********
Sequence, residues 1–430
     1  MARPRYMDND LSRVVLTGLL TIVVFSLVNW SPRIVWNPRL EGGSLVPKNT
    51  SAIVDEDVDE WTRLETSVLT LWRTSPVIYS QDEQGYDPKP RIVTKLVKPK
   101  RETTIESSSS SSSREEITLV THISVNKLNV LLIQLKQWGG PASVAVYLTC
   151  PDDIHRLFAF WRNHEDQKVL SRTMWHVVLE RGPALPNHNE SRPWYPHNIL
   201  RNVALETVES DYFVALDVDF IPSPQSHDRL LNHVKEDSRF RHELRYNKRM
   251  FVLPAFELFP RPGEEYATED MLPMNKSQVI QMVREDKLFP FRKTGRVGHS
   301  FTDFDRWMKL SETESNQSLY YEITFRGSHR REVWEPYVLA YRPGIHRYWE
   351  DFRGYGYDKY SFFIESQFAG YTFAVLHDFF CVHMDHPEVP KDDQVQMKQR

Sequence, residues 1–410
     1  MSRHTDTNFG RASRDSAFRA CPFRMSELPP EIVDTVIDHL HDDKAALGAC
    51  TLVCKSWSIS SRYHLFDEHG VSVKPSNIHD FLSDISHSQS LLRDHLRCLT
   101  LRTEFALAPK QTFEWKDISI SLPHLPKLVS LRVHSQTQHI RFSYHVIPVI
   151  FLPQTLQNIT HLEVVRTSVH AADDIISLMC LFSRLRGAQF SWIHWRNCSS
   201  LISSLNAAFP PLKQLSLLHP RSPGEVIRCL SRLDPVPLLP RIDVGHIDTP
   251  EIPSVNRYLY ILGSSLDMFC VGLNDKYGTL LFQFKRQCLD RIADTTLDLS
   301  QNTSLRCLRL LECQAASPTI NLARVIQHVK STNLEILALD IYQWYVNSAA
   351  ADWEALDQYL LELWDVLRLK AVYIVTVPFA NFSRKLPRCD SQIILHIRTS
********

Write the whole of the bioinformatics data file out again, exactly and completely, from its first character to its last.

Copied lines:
Sequence, residues 1–430
     1  MARPRYMDND LSRVVLTGLL TIVVFSLVNW SPRIVWNPRL EGGSLVPKNT
    51  SAIVDEDVDE WTRLETSVLT LWRTSPVIYS QDEQGYDPKP RIVTKLVKPK
   101  RETTIESSSS SSSREEITLV THISVNKLNV LLIQLKQWGG PASVAVYLTC
   151  PDDIHRLFAF WRNHEDQKVL SRTMWHVVLE RGPALPNHNE SRPWYPHNIL
   201  RNVALETVES DYFVALDVDF IPSPQSHDRL LNHVKEDSRF RHELRYNKRM
   251  FVLPAFELFP RPGEEYATED MLPMNKSQVI QMVREDKLFP FRKTGRVGHS
   301  FTDFDRWMKL SETESNQSLY YEITFRGSHR REVWEPYVLA YRPGIHRYWE
   351  DFRGYGYDKY SFFIESQFAG YTFAVLHDFF CVHMDHPEVP KDDQVQMKQR

Sequence, residues 1–410
     1  MSRHTDTNFG RASRDSAFRA CPFRMSELPP EIVDTVIDHL HDDKAALGAC
    51  TLVCKSWSIS SRYHLFDEHG VSVKPSNIHD FLSDISHSQS LLRDHLRCLT
   101  LRTEFALAPK QTFEWKDISI SLPHLPKLVS LRVHSQTQHI RFSYHVIPVI
   151  FLPQTLQNIT HLEVVRTSVH AADDIISLMC LFSRLRGAQF SWIHWRNCSS
   201  LISSLNAAFP PLKQLSLLHP RSPGEVIRCL SRLDPVPLLP RIDVGHIDTP
   251  EIPSVNRYLY ILGSSLDMFC VGLNDKYGTL LFQFKRQCLD RIADTTLDLS
   301  QNTSLRCLRL LECQAASPTI NLARVIQHVK STNLEILALD IYQWYVNSAA
   351  ADWEALDQYL LELWDVLRLK AVYIVTVPFA NFSRKLPRCD SQIILHIRTS